The use of Drones for mustering in Australia

In recent years, the use of drones has become increasingly popular in various industries, including agriculture. One of the top uses we get asked about at Fly the Farm is for mustering. Mustering has traditionally been done by horse or motorbike, but the use of drones is changing the game.

Drones offer several advantages when it comes to mustering. Firstly, they can cover a large area in a short amount of time, making the process of mustering more efficient. Drones can fly over areas that may be difficult to access on foot or by vehicle, such as steep terrain or dense vegetation, possibly saving time and labour costs.

Secondly, drones are very effective when livestock are being mustered. Drones are just another form of pressure that can be moved to move sheep or cattle and are surprisingly relatively quiet and unobtrusive, causing minimal stress to livestock. 

Another advantage of using drones for mustering is that they can help farmers keep track of their livestock more easily. As drones are equipped with cameras that can capture images and video footage, graziers can monitor their livestock, particularly when calving or lambing. Again, potentially reducing stress by not needing to drive around to check, disturbing them.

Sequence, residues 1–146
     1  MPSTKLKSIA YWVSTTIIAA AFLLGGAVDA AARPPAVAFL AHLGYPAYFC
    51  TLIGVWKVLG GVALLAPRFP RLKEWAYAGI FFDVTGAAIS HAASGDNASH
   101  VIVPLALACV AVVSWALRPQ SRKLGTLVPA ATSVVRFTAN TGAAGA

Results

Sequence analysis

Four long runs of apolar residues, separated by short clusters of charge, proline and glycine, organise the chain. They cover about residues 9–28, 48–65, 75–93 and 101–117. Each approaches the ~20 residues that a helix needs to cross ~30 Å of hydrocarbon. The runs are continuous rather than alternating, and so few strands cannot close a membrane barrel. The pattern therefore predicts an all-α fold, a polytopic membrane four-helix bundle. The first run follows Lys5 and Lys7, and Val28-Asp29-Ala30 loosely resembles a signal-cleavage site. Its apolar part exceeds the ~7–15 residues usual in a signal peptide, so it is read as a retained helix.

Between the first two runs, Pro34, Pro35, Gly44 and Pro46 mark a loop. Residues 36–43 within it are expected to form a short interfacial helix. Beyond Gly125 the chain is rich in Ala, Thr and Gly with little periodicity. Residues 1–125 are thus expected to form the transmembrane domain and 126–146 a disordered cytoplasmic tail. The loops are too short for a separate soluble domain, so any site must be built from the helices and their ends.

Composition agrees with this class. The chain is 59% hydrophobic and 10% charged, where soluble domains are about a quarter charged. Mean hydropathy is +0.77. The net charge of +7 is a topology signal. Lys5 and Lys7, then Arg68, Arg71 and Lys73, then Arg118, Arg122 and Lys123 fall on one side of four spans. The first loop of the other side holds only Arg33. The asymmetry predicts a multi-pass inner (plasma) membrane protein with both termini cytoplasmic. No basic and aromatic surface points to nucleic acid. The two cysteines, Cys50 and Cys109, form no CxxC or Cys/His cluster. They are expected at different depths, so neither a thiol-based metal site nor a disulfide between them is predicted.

Drones can also be used to monitor paddock and feed conditions. Graziers can use drones to inspect quickly and make more informed decisions about how best to manage their property. 

However, there are some challenges associated with using drones for mustering. The main consideration are the regulatory issues around the use of drones. In Australia, the use of drones is regulated by the Civil Aviation Safety Authority (CASA). Anyone operating a drone must understand and comply with the regulations. There are specific regulations for people flying over their own land, however registration & accreditations may still be required.

A company to keep an eye on is SkyKelpie. Developed by Luke Chaplain who hails from Cloncurry, SkyKelpie is a world leader in drone mustering solutions and is working to support graziers unlock the potential that drones can offer. 

In conclusion, the use of drones for mustering is an exciting development in Australian agriculture. Drones offer several advantages over traditional mustering methods, including increased efficiency, reduced stress on livestock, and improved land management. While there are regulatory and cost challenges to consider, the benefits of using drones for mustering are significant, and it is likely that we will see more Australian properties adopting this technology in the future.

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